Congestive Heart Failure Explained

Congestive heart failure

What Is Congestive Heart Failure?

congestive heart failure2Congestive Heart Failure is a heart weakness that leads to an excess of fluid in the lungs and
other parts of the chest. This build up os often the result of an inability of your heart to pump blood effectively. Conditions, such as narrowed arteries in your heart (coronary artery disease) or high blood pressure, make your heart too weak to work sufficiently. Symptoms can include shortness of breath, fatigue, swollen legs, and rapid heartbeat. This condition generally affects the 40+ age range and can last for many years as a chronic disease. At Central Georgia Heart, our cardiologists often begin assessing congestive heart failure cases through lab work.

What Does Congestive Heart Failure Mean?

It doesn’t mean that your heart has given up on it’s job. Instead, Heart Failure means that your heart is in a weakened state that makes it move blood at a much slower than normal rate. This creates issues with the tissues surrounding the heart as they tend to stiffen or thicken. Eventually, this condition begins to affect the kidneys causing fluid retention which begins to build up around the arms, legs, ankles, lungs, and more until the body becomes congested.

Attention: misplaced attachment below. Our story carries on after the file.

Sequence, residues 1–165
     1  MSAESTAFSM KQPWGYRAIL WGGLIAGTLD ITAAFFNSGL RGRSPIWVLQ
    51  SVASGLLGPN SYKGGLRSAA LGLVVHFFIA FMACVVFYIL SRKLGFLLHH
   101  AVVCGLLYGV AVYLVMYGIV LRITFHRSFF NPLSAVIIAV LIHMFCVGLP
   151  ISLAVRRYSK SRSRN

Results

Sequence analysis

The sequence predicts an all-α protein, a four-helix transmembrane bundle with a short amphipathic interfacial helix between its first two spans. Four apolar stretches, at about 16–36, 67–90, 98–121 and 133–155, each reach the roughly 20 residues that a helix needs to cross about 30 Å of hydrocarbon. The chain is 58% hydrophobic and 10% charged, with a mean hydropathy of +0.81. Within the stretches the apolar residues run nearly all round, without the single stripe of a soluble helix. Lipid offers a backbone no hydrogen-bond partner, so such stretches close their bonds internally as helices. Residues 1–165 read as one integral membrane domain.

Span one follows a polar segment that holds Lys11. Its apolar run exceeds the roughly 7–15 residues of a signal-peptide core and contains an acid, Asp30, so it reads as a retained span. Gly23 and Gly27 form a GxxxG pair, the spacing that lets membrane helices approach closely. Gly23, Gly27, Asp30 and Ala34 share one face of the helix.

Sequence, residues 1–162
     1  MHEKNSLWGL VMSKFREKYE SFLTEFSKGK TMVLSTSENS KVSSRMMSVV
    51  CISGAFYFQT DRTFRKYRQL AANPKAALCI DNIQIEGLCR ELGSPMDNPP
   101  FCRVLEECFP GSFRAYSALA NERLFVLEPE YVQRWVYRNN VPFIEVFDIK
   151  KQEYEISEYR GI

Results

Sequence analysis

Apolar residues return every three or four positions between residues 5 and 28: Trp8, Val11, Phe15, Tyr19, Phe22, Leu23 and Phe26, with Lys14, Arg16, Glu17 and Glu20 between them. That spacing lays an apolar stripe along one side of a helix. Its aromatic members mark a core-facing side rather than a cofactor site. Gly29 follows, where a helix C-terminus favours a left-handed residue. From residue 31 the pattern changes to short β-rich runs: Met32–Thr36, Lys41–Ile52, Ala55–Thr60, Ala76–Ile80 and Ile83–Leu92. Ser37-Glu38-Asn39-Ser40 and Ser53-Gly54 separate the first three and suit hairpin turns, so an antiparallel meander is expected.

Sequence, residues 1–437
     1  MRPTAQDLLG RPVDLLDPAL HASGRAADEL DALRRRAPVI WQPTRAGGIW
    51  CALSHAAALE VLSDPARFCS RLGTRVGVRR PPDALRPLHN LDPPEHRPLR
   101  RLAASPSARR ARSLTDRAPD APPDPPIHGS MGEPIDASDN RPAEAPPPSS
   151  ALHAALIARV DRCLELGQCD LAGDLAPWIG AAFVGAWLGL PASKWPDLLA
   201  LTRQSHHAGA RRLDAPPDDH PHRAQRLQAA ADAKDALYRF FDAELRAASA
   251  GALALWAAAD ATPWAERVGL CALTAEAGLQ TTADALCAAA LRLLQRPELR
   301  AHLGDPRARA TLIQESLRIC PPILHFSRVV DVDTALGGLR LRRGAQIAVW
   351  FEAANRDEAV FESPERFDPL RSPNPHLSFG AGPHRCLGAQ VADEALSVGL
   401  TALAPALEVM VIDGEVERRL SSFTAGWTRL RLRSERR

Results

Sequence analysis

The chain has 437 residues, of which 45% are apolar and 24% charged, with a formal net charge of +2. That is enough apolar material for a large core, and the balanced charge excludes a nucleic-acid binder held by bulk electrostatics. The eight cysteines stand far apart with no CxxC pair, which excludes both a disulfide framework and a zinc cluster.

What Causes Heart Failure?

Congestive heart failure can be caused by a variet of conditions with the heart muscle. The following are a few ways congestive heart failure begins.

  • Coronary artery disease is when your artieries cause decreased blood flow to the heart muscle. By preventing blood flow, the arteries experience a lack of oxygen and nutrients.
  • Heart attack is when a coronary artery becomes blocked causing damage to the heart muscle resulting in scars that make it function improperly.
  • Cardiomyopathy is damage to the heart muscle from causes other than artery or blood flow problems, such as from infections or alcohol or drug abuse.
  • Other Conditions like:  high blood pressure, thyroid issues, kidney disease,diabetes, or heart defects present at birth can all be triggers of congestive heart failure.
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Central Georgia Heart Center

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